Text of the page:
Back in Time
I submitted this to a contest via Writer’s Digest. Just something small. I kinda like it. The prompt was this:
A woman is given the ability to go back in time and change one event in her life.
Back in Time
“Seven hundred dollars for shoes? Haleigh? Seriously? Are you nuts?” Papers shuffled as Chelle rifled through the mounds of account statements, bills and receipts.
“They are sweet shoes!” Haleigh’s hands lay on the table as if the mention of expensive shoes was nothing more than standard fare between the two of them. The red, alligator skin pumps had been on the mannequin next to the really hot guy in New York. How anyone could pass them up was beyond her. She’d indulged in the lingerie too, just in case. Chelle hadn’t gotten to that receipt, yet.
She looked at the growing pile of paper between the two of them.
She rubbed the button in her hand. Unlike Staple’s easy button, it could be used only one time. Once pressed, there were no second chances.
As she began to push, she wondered if it was really the right time. Her thumb slipped as nerves shook her arm. The exact outcome would be uncertain. She worked to control the anxiety as she felt the steel ridge level with the ruby colored jewel.
Years raced backward before her eyes as memories surfaced with each of Chelle’s unanswered questions.
“Why do you need a cotton candy machine?”
She’d stood at the mirror and stuck out her tongue. It had been blue from a Dum-Dum of the same flavor.
“Do you need recycled toilet tissue? Can’t you buy Charmin or something normal?”
Her daughter’s reflection in the door announced her win at the science fair. Growing herbs in recycled paper was possible.
“Yellow stickies are cheaper.”
A rainbow of color papered the wall. Ten thousand colored sticky notes had been art and temporary wall paper.
Chelle moved the marble paperweight to another stack.
The trip to South America had a dual purpose; visit Kevin’s friends and show off Caitlyn. She’d learned how to walk on that trip and how to win back the graces of three hundred passengers with one well timed giggle.
“Why do you buy a new bedspread every year?”
A smile ripped through the memory. Married just two months, they’d found ways to keep warm without the use of the apartment heater.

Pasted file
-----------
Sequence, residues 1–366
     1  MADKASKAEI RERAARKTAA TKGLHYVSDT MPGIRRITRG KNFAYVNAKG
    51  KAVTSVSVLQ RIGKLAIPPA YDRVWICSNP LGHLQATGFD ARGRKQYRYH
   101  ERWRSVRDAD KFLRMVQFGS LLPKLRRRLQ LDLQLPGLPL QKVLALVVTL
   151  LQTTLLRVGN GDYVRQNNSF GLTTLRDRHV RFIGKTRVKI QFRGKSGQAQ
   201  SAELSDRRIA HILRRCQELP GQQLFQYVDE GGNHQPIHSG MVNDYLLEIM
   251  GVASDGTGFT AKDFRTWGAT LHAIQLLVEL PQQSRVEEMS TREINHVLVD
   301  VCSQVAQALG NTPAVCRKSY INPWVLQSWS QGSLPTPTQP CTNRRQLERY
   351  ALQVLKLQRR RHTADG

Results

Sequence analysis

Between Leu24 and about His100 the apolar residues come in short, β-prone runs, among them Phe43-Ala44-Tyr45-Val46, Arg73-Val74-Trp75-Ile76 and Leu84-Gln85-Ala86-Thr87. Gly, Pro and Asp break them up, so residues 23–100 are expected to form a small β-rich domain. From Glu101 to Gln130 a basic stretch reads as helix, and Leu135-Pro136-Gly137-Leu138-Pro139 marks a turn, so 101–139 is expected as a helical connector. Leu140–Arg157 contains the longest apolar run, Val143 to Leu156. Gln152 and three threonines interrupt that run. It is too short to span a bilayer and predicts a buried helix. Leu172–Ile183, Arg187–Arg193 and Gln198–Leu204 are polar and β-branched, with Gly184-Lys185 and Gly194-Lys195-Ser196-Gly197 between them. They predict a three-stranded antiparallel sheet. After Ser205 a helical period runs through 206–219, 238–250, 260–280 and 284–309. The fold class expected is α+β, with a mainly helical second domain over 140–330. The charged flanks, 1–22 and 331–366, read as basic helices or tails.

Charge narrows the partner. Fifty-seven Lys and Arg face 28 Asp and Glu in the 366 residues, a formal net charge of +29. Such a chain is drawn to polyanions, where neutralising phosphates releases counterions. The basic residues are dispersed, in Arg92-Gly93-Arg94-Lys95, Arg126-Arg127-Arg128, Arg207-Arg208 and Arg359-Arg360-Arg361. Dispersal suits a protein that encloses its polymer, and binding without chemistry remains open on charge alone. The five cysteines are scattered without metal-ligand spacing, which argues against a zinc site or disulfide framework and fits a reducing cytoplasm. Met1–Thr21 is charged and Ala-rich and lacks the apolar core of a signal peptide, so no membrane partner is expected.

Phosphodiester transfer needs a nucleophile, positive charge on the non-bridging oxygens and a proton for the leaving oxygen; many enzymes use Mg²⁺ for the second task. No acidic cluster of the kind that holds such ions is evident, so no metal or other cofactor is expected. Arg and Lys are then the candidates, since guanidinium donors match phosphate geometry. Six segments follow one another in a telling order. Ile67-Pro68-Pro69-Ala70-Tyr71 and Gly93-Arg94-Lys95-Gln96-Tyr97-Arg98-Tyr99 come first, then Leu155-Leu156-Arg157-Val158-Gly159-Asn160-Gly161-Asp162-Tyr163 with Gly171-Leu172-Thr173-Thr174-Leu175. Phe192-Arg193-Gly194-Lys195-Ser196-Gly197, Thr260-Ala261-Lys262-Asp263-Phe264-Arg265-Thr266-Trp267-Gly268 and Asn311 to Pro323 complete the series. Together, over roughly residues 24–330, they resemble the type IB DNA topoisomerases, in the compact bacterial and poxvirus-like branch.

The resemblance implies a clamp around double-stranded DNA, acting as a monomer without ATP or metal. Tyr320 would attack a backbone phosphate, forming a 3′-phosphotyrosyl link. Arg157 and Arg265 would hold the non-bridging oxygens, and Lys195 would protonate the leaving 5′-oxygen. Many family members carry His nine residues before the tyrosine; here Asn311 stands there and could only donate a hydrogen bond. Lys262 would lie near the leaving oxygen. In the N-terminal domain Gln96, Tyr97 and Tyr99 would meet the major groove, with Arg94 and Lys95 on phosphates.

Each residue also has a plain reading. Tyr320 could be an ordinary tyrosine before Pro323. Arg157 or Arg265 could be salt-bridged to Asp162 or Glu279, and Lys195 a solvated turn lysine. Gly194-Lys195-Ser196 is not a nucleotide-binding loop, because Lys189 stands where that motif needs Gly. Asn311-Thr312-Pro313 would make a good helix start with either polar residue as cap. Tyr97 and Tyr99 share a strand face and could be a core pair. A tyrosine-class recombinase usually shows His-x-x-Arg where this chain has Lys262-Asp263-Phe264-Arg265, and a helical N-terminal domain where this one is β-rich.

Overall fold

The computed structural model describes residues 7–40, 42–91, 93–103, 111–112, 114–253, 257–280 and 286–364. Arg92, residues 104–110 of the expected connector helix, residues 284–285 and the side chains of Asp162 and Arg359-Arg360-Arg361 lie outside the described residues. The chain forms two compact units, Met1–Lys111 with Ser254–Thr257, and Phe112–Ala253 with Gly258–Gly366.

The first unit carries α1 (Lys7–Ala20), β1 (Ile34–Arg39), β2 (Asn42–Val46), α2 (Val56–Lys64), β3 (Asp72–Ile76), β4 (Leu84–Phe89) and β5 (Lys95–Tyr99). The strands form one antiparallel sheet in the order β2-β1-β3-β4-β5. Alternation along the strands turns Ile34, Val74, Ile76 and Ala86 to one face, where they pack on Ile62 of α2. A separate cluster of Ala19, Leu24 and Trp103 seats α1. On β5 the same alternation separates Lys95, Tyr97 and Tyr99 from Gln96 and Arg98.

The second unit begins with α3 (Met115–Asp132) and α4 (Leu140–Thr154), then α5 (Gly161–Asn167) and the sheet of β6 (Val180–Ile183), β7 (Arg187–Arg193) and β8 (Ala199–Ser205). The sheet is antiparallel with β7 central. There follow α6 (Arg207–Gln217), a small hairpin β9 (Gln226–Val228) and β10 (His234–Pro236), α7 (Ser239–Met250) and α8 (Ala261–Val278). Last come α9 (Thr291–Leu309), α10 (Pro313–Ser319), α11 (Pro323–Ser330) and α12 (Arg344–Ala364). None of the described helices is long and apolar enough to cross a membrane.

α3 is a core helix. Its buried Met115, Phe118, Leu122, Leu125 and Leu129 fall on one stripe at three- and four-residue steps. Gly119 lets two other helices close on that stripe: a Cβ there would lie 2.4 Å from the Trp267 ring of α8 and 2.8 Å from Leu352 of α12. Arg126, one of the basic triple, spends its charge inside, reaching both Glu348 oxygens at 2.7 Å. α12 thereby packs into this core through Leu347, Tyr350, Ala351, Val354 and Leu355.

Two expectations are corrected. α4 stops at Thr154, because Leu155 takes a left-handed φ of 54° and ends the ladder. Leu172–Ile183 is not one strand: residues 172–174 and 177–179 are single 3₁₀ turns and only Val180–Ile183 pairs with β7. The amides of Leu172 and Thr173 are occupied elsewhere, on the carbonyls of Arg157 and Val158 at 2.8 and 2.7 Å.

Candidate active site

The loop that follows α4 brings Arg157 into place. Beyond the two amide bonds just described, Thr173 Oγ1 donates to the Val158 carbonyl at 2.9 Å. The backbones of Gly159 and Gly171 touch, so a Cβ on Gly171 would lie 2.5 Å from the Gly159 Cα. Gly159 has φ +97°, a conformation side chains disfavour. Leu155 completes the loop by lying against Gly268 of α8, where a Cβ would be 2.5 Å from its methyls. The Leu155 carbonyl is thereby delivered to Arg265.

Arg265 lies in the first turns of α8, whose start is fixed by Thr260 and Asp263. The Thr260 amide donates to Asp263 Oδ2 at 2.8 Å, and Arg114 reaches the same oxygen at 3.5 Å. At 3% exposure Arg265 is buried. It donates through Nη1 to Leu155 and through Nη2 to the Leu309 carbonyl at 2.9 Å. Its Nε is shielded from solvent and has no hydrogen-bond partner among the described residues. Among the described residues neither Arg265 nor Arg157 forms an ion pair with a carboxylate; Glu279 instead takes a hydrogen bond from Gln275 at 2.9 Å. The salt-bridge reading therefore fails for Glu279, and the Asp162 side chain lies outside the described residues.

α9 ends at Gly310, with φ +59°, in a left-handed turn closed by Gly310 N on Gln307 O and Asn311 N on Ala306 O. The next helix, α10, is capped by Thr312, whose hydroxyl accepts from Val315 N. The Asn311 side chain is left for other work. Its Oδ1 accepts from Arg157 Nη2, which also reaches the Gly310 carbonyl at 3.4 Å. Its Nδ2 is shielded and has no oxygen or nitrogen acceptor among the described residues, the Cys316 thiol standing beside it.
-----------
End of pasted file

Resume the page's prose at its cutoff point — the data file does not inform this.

“Do you still donate to your Alumni association?”
A hi-hello-how-are-you conversation as Kevin jumped down the stairs to get her attention. She’d been walking to class and he tripped over his own foot. She’d thought he was fine only to spend the day in the ER with him as his broken leg was set.
“How many books to you read in a week?”
She saw the guy at the table outside the bookstore during her first year of college. Seriously hot guy. Dark, short hair, muscles rippled under his too-tight t-shirt. Solid black sunglasses covered his eyes as bright sunlight beat down. No shade for relief.
She walked by only to turn when he called.
“Hey hot stuff!”
Curious, Haleigh turned in a circled to see who he was calling.
“Yes, you gorgeous. C’mere.” He motioned with his hands.
She walked over, the silver and red of the can she carried glinted in the sun.
“I gotta get out of this heat. Give me your John Hancock and I’ll be done with my quota. Maybe we could grab a drink.” He held out the application for her.
She looked at him quizzically. She was only eighteen and didn’t need a credit card. Did she?
“Awe, c’mon. You want to help me out, right?”
Of course she did. Besides, he’d asked her out.
“I’ll give you two of these two-liters if you sign up, too. ”
The button appeared in her hand at that moment and Haleigh knew she’d been right.
“Sorry, I only drink water.” She gave her full can to him, smiled and walked away.
“Haleigh? Off in space? Hello?” Chelle waved her hands.
She snapped back to reality with a quick nod and smile. “Sorry. Lost in thought.”
Had it happened?
She still sat, at her kitchen table, a glass of water in her hand.
Her best friend and accountant, Chelle, continued to sit across from her shuffling papers.
Her children were still outside playing. She heard them through the open windows.
Chelle patted a pile with her hand. “My audit’s done! Finished! You’re set. Thriving business. Happily married. Two kids. Big house. No debt. Wow.”
She leaned forward and looked deep into Haleigh’s eyes. “It still amazes me that you did it all without a credit card.”